Published in the April 2016 NJEA Review
by Adrienne Markowitz and Eileen Senn

Mold is perhaps the most troublesome indoor air quality (IAQ) problem facing NJEA’s local associations. Mold is a problem confusing to many, difficult to prove, and expensive to fix. Mold is sometimes visible but is often hidden behind walls and ceilings, under carpets, and inside ventilation systems, which can make detection challenging.

Controlling mold means getting the water, moisture and humidity out of school buildings. This frequently involves major investments in plumbing, roofing, exterior walls, foundations and ventilation systems. Such improvements don’t come cheaply or easily. Meanwhile staff and students may suffer from a wide range of mold-related respiratory and allergic health effects, including asthma development and exacerbation, shortness of breath, wheezing, coughing, respiratory infections, bronchitis, allergic rhinitis, eczema and other rashes.

Districts often hire IAQ consultants to advise them on mold. Such consultants are expensive and usually recommend expensive and lucrative mold air sampling. But sampling the air for mold is a tricky business. Mold growth fluctuates day to day with changes in temperature, humidity, ventilation and precipitation. There are no standards or nationally recognized guidelines regarding the collection, analysis, or interpretation of mold in air. Results may show no excess of mold, while in reality the building conditions are causing health problems for occupants. Such a “clean bill of health” may be far from the truth, but the district may use it to avoid fixing the problem. And such sampling can squander district funds that could be better spent on controlling mold problems.

Industrial hygienist Diana Crowder, consultant with the New Jersey Work Environment Council (WEC), has recently assisted locals in Clark Township, Hopatcong, Pleasantville, and West-Windsor Plainsboro with mold problems. In three of the four cases, mold air sampling has given the schools a “clean bill of health,” weakening the locals’ cases.

Experience has shown that local associations should say “no” to mold air sampling and insist on better approaches by districts and their consultants. Receiving early assistance from WEC on how to best approach a mold problem is advisable and can be requested through a local’s UniServ field representative.

Local association action plan for mold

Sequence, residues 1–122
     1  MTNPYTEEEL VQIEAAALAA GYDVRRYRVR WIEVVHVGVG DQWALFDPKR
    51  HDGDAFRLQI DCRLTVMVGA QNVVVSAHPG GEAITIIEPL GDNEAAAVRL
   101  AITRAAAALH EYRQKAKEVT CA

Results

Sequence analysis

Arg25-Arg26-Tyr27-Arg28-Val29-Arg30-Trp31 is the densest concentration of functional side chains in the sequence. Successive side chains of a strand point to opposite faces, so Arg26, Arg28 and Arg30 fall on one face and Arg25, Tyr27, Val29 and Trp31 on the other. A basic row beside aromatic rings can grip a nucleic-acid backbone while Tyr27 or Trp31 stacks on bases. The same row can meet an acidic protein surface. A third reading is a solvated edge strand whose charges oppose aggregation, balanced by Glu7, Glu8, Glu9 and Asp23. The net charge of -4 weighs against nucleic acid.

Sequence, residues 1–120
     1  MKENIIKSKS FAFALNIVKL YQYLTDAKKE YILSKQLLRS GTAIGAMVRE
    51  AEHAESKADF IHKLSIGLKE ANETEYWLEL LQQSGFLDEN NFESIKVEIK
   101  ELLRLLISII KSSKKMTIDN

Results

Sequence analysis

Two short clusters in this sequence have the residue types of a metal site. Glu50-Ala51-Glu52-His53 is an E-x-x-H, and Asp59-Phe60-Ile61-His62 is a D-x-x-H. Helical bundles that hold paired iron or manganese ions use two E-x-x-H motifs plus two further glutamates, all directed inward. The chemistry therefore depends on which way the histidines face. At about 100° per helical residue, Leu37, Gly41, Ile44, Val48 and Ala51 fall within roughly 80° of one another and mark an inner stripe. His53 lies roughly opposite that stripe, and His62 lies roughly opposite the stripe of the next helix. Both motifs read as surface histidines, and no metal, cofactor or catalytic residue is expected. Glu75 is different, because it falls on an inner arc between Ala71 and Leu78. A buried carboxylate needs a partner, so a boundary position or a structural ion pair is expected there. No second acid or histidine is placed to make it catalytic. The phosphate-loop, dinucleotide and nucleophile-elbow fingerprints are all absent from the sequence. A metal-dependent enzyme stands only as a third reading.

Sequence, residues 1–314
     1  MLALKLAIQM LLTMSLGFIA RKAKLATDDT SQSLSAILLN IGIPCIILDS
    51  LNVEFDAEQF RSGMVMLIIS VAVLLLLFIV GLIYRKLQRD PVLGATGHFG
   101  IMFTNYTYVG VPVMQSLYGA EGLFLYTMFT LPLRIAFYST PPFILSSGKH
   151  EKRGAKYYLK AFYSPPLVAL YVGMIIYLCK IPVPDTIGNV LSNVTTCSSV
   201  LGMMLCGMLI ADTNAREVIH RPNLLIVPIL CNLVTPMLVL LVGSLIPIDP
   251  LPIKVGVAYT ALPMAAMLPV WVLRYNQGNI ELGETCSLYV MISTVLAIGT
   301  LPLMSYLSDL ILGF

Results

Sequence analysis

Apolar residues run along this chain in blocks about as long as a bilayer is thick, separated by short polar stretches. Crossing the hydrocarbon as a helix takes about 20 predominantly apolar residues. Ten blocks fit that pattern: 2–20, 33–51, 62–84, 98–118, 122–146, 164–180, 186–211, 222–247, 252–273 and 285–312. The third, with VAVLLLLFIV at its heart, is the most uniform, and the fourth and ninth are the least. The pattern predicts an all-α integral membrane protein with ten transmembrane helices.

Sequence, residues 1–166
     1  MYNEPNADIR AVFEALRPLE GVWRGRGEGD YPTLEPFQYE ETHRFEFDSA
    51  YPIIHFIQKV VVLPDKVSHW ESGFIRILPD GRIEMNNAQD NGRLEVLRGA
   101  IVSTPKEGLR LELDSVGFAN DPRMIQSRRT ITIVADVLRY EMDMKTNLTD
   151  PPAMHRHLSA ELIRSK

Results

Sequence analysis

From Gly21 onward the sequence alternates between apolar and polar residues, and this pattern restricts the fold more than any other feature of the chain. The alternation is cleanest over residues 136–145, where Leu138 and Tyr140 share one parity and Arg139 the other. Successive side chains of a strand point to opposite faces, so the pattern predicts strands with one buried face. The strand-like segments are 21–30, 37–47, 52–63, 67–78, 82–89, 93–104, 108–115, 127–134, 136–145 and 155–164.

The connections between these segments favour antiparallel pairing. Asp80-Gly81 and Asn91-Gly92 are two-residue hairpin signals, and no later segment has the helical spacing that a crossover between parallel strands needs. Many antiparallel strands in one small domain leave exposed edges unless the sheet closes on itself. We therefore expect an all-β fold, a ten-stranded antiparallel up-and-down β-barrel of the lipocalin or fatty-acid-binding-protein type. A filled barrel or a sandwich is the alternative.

Local associations should develop a response to the suspected presence of mold that includes these actions:

  • Identify and document problems. Locals should insist that suspected mold problems be investigated using school walk-throughs and interviews of school occupants and maintenance staff. Often, finding mold problems is best done with observations and interviews—inspecting the ventilation system; observing housekeeping and maintenance practices; inquiring about any history of leaks, flooding, or other water intrusion in the building; and listening to the stories and concerns of the occupants. See the NJEA Health and Safety Manual on how to conduct walk-throughs and use checklists. Pages 82 and 83 cover mold industrial hygiene sampling and Table 4 presents alternatives to air sampling such as measuring moisture and mold in building materials.
  • Identify affected staff and students. Investigators should talk to the school nurse to find out whether he/she has observed an increased incidence of health complaints. Details about the nature of the complaints and the work areas of those affected will be helpful. It may be useful to do a formal, written IAQ survey of staff.
  • Inform staff, parents, and other allies. Locals should inform staff about the mold problem and publicize progress. Don’t forget parents, community leaders and other allies; joining forces can help you make a stronger case for improvements. Clear information can help everyone understand how serious mold hazards are and why they need to be addressed.
  • Mobilize and take collective action. With mold hazards and solutions identified and members and allies informed, the association will be in a great position to mobilize everyone and pressure the district to invest the resources required to solve mold problems.

Adrienne Markowitz holds a Master of Science in Industrial Hygiene from Hunter College, City University of New York. Eileen Senn holds a Master of Science in Occupational Health from Temple University in Philadelphia. They are consultants with the New Jersey Work Environment Council, which is a frequent partner with NJEA on school health and safety concerns.

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